The study of spontaneously arising diseases of domestic animals is of great value in understanding the pathogenesis of equivalent disorders of humans. Multisystemic autoimmune disease is recognized less commonly in the dog with the most frequent co-presentation being of autoimmune hemolytic anemia and thrombocytopenia (Evans syndrome). Systemic lupus erythematosus (SLE), when defined by strict criteria, is in fact a relatively rare disorder. Autoimmune disease appears far less common in the two other major companion animal species, the cat and horse. One well-recognized SLE-overlap syndrome occurs in German shepherd dogs with pyrexia, lethargy, wasting, polyarthritis, and high-titered serum antinuclear antibody (ANA). It is also of note that many dogs presenting with vague clinical illness termed pyrexia of unknown origin are ANA positive and proposed to have some form of immune mediated disease. Spontaneously arising SLE in the cat is at best a rare occurrence. However, in addition to the spontaneous disease, cats are known to develop drug-induced lupus. This species suffers relatively commonly from hyperthyroidism, generally related to the presence of a functional thyroid adenoma. Finally, as far as horses are concerned, SLE is rarely reported in them. The reported clinical signs include cutaneous lesions (distal limb edema, panniculitis, mucocutaneous ulceration, focal alopecia, scaling and leukoderma), polyarthritis, anemia, purpura, lymphadenopathy, fever, anorexia, and weight loss.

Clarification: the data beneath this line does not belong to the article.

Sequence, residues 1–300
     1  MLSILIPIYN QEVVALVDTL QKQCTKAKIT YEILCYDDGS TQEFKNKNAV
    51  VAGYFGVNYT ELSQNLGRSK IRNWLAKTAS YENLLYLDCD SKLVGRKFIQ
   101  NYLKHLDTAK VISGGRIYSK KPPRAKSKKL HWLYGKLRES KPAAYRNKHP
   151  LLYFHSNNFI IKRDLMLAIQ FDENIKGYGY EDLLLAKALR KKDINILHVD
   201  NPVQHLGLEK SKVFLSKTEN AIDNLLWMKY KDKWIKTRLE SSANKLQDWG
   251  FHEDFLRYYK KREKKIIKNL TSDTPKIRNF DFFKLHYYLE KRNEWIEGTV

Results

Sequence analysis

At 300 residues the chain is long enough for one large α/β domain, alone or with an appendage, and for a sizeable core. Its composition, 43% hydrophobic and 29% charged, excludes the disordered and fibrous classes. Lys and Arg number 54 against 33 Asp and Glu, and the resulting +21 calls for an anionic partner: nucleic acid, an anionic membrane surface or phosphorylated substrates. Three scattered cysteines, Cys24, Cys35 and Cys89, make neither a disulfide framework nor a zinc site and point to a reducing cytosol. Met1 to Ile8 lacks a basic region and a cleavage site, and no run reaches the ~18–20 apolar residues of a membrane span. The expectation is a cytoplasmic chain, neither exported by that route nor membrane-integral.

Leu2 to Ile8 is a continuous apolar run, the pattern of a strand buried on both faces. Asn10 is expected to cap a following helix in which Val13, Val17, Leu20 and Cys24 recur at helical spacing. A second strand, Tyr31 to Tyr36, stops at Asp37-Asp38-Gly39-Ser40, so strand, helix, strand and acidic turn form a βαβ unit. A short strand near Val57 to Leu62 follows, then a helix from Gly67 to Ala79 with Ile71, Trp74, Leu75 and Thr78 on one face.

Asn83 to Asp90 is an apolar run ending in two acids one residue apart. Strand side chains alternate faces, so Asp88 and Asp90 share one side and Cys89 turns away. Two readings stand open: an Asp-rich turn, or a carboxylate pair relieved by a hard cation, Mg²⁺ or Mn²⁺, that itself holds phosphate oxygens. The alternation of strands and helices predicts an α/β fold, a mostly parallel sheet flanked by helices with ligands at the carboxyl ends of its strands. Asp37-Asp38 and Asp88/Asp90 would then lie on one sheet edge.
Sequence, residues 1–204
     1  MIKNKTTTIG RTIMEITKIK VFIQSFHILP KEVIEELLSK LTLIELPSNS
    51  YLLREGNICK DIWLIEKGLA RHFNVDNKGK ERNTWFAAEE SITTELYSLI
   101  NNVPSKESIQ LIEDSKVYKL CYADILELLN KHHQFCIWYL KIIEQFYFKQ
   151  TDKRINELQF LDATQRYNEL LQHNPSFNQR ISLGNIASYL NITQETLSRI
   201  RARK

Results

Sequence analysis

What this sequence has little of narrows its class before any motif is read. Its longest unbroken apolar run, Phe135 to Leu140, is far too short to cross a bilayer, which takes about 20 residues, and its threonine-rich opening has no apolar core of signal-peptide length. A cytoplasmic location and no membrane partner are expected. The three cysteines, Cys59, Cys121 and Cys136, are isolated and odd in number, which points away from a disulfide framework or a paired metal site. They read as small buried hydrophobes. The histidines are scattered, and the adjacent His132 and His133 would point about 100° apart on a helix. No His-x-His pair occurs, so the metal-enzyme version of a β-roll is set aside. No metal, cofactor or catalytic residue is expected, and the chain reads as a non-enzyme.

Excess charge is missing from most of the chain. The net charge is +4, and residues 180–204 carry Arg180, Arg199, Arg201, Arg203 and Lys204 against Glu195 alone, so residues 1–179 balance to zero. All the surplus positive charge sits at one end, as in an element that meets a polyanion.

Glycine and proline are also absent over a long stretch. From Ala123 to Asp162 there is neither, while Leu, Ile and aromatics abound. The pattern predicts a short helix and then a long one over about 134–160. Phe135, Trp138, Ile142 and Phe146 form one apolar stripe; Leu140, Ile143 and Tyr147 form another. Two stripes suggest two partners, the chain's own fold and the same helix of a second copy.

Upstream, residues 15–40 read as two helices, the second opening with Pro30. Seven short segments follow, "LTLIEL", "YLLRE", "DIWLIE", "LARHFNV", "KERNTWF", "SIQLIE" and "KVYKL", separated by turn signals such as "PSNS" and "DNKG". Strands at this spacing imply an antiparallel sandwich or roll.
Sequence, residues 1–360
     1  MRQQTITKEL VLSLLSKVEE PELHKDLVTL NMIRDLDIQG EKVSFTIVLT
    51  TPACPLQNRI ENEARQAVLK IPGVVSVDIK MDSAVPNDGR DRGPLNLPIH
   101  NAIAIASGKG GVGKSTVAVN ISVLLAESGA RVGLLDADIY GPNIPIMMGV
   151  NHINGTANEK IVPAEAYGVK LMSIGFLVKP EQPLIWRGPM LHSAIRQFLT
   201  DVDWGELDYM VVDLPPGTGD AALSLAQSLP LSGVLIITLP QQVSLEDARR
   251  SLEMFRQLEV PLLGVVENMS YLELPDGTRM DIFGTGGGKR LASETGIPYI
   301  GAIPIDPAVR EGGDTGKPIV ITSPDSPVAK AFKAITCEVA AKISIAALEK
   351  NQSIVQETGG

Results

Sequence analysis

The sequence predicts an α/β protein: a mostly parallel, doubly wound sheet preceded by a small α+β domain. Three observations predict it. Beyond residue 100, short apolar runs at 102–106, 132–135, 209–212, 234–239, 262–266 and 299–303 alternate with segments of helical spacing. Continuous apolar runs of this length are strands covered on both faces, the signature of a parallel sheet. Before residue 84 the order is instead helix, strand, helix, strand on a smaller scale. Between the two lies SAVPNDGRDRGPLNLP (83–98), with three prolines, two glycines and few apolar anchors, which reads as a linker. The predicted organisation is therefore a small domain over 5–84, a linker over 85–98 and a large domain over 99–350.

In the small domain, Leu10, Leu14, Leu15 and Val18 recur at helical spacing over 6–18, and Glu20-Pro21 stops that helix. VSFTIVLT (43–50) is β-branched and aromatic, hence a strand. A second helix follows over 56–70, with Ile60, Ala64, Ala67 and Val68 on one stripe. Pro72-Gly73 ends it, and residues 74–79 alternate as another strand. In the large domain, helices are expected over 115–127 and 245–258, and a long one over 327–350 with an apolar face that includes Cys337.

|Title of host publication||Systemic Lupus Erythematosus|
|Publisher||JAI-Elsevier Science Inc|
|Number of pages||15|
|Publication status||Published - 2011|